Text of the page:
Travel Tips

5 More Awesome Photo Locations in Banff

Photographers are getting ever more stingy with their “secret” spots lately. It’s for good reason. The impact of tourism (including us serious photographers) on the land has become a burdon for our natural areas and wildlife. It’s ironic that in an effort to spend time in, and gain greater appreciation for, the great outdoors we’ve actually been causing loads of damage. The instagram culture of “influencers” has spawned a new kind of 21st century gold rush. Instead of searching for valuable metals and gems, people now flock to National Parks for pictures and likes and attention. For serious nature photographers, the crowds of selfie-stick wielding tourists are annoying, but we are responsible for much of the damage too.

The locations I mention in this post are well-known and easy to get to from the Banff townsite. No secrets here. Like many, I reserve some special places for myself, but I believe in sharing locations that are less vulnerable and can handle the foot traffic. Make sure that if you visit these amazing places, you leave no trace of your presence, respect wildlife and give them space, and take nothing but pictures.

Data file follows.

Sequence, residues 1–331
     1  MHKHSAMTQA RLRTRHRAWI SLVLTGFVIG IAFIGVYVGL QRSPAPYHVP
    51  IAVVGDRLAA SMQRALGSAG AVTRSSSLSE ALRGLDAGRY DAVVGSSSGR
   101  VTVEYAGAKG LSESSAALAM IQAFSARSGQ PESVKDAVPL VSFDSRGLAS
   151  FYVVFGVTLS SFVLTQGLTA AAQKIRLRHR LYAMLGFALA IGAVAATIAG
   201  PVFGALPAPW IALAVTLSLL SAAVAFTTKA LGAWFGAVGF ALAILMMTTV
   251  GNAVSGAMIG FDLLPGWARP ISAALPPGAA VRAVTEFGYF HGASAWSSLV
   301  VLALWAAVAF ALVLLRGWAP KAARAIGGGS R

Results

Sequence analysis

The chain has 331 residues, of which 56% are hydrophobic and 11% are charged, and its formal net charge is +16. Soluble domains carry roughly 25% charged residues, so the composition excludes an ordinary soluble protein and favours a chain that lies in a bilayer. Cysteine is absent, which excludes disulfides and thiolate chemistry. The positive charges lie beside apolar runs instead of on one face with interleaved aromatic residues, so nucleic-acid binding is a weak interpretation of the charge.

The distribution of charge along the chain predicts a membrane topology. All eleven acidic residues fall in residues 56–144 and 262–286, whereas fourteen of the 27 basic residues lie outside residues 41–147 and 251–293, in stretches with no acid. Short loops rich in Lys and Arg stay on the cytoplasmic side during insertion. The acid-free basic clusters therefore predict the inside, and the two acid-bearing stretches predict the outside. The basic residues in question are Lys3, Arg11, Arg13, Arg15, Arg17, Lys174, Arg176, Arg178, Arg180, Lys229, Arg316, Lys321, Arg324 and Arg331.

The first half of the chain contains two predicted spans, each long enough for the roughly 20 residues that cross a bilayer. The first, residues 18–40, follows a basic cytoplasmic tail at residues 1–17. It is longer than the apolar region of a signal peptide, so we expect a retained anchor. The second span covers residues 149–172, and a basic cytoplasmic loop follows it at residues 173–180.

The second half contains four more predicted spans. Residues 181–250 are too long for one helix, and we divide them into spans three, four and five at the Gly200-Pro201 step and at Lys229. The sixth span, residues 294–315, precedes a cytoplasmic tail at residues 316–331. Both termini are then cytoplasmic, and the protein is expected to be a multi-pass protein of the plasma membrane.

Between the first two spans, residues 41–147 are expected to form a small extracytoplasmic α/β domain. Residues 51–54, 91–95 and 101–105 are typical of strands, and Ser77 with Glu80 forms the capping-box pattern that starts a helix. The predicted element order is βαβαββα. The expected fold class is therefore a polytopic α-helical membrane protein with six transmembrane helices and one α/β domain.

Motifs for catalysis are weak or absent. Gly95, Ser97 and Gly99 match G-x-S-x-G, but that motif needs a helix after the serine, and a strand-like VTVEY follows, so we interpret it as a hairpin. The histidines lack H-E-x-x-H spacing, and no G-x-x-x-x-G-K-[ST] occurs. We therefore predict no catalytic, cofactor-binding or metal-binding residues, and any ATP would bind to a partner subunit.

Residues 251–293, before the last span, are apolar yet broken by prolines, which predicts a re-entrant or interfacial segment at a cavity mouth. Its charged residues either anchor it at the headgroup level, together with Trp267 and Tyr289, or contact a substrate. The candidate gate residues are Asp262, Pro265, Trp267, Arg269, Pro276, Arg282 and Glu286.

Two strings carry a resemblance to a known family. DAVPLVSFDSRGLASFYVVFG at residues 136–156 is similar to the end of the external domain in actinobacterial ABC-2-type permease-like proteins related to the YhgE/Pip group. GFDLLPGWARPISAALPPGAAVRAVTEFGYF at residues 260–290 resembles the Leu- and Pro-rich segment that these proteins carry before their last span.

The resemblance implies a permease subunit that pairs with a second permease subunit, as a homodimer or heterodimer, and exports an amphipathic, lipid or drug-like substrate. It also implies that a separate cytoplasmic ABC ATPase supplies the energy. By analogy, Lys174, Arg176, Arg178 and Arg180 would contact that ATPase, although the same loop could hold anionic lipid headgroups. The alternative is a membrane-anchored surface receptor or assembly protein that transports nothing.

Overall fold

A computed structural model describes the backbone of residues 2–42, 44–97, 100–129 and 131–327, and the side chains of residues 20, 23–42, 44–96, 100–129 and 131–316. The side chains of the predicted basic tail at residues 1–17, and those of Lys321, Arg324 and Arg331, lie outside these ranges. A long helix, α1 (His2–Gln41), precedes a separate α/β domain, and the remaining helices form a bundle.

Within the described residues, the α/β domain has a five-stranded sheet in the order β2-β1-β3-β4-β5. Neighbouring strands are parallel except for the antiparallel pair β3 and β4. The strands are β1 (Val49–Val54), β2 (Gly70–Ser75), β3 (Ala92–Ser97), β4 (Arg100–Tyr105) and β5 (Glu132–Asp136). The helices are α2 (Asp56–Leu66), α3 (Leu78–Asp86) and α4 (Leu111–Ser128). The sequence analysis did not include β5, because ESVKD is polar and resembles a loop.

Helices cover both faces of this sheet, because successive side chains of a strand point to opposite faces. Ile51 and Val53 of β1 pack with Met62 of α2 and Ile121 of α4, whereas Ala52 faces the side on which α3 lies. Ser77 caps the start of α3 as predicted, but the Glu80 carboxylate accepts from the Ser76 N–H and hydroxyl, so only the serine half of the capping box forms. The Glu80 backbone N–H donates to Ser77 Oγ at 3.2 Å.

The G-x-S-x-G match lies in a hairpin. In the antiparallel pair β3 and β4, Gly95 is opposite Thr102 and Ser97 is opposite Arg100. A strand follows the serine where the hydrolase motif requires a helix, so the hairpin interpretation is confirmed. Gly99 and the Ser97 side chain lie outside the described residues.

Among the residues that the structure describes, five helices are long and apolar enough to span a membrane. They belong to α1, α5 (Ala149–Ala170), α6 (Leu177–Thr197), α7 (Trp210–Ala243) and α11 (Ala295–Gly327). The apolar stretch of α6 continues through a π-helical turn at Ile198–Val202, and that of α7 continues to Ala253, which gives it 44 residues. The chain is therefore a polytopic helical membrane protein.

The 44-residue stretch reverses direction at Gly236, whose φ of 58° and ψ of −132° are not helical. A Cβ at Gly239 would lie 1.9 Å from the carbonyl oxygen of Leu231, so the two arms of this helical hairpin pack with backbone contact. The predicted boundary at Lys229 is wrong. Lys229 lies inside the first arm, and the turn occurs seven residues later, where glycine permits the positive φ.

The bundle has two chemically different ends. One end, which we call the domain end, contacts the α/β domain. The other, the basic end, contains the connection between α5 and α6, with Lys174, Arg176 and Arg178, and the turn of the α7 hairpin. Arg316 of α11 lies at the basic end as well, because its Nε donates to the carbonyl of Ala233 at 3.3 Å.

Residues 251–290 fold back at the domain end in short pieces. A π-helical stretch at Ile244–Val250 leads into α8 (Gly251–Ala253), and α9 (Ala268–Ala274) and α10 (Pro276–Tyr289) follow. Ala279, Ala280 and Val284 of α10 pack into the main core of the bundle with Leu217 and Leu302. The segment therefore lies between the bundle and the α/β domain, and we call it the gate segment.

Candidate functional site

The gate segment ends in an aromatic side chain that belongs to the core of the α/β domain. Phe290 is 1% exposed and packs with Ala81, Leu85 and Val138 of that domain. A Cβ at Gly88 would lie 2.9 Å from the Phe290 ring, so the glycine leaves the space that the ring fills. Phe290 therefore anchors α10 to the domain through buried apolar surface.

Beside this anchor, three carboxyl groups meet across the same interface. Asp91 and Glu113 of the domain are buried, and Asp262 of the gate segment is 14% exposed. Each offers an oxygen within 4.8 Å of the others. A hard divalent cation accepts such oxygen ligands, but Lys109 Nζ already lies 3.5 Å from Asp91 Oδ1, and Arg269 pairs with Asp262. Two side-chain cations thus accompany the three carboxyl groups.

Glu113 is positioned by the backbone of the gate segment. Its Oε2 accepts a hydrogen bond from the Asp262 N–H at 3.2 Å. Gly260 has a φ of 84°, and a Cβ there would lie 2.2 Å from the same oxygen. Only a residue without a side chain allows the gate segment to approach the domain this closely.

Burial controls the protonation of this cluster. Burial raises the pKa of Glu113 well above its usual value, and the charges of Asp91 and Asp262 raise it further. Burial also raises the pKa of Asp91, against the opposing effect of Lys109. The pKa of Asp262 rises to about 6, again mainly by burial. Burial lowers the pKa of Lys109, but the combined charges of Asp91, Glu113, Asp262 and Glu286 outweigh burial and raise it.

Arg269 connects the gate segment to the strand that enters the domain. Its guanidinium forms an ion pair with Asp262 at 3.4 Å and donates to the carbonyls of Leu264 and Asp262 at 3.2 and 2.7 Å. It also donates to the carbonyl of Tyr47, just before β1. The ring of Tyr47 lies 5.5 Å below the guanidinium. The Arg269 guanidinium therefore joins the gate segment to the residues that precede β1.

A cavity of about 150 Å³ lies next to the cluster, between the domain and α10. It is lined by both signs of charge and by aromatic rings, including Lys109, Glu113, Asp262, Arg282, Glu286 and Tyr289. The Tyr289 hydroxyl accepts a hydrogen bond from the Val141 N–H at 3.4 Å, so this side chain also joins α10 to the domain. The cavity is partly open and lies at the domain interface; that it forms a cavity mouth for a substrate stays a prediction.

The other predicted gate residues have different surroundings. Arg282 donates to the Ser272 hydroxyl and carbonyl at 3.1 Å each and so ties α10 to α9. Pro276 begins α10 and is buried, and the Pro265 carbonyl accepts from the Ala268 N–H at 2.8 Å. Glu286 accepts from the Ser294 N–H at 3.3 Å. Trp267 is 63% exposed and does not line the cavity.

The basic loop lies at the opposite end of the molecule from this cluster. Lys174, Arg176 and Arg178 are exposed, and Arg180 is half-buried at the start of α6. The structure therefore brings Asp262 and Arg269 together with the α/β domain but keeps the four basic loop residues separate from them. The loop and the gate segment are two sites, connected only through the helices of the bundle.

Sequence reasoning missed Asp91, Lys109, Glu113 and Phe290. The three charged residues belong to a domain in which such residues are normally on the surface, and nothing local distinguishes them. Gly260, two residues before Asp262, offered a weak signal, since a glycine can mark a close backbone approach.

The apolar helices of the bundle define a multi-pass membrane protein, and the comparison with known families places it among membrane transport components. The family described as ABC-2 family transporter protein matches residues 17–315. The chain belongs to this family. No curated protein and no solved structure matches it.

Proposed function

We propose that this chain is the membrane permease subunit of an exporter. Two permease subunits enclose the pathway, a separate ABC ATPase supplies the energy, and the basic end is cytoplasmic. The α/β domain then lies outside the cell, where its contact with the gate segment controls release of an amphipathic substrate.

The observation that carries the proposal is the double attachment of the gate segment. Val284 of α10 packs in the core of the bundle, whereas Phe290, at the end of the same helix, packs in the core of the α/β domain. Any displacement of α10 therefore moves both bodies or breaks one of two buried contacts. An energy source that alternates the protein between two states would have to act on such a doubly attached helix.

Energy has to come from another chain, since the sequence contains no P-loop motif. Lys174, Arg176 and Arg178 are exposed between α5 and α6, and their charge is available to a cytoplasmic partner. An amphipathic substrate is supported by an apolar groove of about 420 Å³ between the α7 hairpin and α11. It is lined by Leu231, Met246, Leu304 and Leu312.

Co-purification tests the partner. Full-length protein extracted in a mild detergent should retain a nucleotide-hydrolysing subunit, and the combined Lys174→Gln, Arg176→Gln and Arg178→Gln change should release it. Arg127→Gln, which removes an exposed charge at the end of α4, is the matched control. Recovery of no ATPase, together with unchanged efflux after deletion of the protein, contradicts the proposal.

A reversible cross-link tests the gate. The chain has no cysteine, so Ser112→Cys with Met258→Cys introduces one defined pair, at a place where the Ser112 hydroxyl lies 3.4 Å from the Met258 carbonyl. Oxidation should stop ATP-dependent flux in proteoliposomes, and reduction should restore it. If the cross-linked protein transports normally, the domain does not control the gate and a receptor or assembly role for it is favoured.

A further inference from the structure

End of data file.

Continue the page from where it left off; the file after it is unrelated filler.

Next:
1. Castle Mountain

 Reflection of the peaks of Castle Mountain in the Bow River

Reflection of the peaks of Castle Mountain in the Bow River

Castle Mountain towers over the Bow River Valley. If you’re driving along the Trans-Canada Highway (Highway 1) near Banff you can’t miss it’s looming spires. It’s a great subject year-round. My favourite spots to photograph it from are along the rocky banks of the Bow River. A popular access point is Castle Junction, located at the intersection of Highway 1 and the Bow Valley Parkway just north of Banff. There’s a fence to block wildlife from getting onto the road. Visitors are allowed to open the gate and enter at the bridge over the Bow River at Castle Junction, but make sure you close it behind you after entering and exiting.

2. banff viewpoint

 Banff Townsite from Banff Viewpoint

Banff Townsite from Banff Viewpoint

Want that epic postcard-ass shot of Banff townsite from above? Banff Viewpoint is an official “park and peek” along Mt. Norquay Road just north of Banff. It takes only 10 minutes to reach this spot from downtown. Just know that the road is steep and windy. It can be very slippery in winter. The view is one of the best in the Banff area (without having to hike half a day up a mountain). This point provides great views of the town, surrounding mountains, and Vermillion Lakes.

 Vermillion Lakes from Banff Viewpoint in Autumn

Vermillion Lakes from Banff Viewpoint in Autumn

3. two jack lake

 Two Jack Lake at Sunrise

Two Jack Lake at Sunrise